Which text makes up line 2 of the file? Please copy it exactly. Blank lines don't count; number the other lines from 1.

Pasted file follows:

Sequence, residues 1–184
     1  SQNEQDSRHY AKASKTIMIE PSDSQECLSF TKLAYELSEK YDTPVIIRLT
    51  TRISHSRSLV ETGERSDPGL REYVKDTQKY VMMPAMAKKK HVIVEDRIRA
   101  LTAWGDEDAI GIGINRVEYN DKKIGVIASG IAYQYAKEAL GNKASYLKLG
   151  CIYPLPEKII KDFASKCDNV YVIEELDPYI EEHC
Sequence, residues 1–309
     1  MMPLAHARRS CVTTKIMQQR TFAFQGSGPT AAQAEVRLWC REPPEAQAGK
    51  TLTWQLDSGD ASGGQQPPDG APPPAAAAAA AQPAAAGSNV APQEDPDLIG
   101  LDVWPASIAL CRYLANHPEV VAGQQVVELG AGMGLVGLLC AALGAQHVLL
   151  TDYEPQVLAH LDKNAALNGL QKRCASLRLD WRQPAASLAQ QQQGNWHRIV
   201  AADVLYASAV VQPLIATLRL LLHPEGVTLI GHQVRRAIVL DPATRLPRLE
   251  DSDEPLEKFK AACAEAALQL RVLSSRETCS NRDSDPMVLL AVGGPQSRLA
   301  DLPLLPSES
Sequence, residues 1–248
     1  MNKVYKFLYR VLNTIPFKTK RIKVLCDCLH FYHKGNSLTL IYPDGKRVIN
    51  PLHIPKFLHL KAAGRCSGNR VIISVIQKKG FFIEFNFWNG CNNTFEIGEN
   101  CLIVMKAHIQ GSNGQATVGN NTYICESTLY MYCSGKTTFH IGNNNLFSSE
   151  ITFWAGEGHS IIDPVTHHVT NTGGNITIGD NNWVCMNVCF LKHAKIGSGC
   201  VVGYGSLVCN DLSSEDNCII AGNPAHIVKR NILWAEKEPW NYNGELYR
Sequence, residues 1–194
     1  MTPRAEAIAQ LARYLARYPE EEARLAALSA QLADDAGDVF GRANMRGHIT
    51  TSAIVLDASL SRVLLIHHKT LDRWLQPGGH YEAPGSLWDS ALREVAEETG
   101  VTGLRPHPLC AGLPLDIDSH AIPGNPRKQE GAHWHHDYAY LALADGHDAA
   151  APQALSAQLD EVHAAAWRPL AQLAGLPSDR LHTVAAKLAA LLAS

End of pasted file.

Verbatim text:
     1  SQNEQDSRHY AKASKTIMIE PSDSQECLSF TKLAYELSEK YDTPVIIRLT